From June 1, 2018, all new app updates are sent to the Mac App Store had to support 64-bit. Apple is expected to discontinue support for 32-bit apps in MacOS 10.15, which will almost be previewed at the 2019 Worldwide Developer Conference in June. (It will start on Monday, June 3.)
This means some older programs have not been updated in a while, will stop working. Fortunately, it's easy to tell if an app is 32-bit or 64-bit.
As developers optimize their applications for 64-bit compatibility, Apple informs customers when they use an app based on 32-bit technology via a one-time alert that appears when you launch a 32-bit app. In macOS Mojave, this alert appears once every 30 days when the app is started.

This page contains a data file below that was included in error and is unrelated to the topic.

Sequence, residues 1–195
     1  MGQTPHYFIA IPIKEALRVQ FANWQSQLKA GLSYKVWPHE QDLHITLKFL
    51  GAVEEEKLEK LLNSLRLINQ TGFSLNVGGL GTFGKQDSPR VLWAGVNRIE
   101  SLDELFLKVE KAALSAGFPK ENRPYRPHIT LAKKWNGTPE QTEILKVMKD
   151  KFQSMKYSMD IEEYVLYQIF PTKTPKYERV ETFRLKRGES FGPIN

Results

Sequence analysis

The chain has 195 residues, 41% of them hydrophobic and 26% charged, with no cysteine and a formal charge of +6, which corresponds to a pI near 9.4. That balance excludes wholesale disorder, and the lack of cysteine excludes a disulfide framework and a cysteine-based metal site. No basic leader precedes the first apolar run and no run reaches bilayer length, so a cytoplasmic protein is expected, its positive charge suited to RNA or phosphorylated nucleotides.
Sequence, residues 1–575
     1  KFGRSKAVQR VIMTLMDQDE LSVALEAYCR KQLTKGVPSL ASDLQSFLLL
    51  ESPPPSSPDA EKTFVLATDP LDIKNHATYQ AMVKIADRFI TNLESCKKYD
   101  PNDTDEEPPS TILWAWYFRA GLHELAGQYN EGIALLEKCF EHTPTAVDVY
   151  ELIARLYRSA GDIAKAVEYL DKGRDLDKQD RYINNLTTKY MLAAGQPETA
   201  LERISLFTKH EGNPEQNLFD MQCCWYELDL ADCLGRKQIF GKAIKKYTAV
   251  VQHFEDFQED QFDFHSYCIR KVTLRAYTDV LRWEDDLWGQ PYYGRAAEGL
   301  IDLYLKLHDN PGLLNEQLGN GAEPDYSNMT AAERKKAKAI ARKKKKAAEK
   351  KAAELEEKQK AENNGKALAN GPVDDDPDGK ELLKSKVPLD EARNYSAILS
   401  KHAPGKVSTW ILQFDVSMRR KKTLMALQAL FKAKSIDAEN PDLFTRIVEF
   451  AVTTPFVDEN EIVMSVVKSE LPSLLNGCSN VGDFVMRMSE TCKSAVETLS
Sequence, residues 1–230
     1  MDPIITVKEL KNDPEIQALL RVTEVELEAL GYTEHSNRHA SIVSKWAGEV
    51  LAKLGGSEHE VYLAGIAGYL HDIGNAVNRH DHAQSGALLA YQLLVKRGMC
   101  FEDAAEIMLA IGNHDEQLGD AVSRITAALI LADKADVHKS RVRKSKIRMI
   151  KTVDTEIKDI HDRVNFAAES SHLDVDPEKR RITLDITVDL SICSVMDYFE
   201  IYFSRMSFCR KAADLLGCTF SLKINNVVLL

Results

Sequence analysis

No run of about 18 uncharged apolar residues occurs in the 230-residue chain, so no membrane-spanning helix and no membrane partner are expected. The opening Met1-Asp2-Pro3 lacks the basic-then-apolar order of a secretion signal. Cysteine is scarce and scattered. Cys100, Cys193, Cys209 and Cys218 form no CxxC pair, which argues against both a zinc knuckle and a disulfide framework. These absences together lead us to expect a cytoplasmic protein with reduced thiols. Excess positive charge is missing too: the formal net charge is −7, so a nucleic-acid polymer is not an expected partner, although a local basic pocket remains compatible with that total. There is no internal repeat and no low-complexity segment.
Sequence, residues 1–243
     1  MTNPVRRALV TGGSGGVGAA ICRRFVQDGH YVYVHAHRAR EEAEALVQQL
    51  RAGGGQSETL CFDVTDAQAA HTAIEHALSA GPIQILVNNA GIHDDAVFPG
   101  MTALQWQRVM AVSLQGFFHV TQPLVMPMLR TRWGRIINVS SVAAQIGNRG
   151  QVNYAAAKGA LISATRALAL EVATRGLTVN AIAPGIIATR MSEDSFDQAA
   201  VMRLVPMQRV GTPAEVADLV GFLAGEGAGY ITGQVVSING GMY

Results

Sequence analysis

To check if an app is 32-bit or 64-bit, from the Apple menu, select About this Mac, and then click System Report button. From the system report, scroll down to Software in the sidebar and then select Programs. When selecting a single program, you will see a field titled 64-bit (Intel). "Yes" indicates 64-bit; "No" indicates 32-bit. If you use macOS Mojave (and you should be), select Legacy Software in the sidebar to see all applications that have not been updated to use 64-bit processes.
Alternatively, you can use the free 32-bit checker (https://eclecticlight.co/32-bitcheck-archichect/), which allows you to store, print and filter the list. With it, you can check the folders you choose and can only check programs, or all bundles, including plugins and other executable code.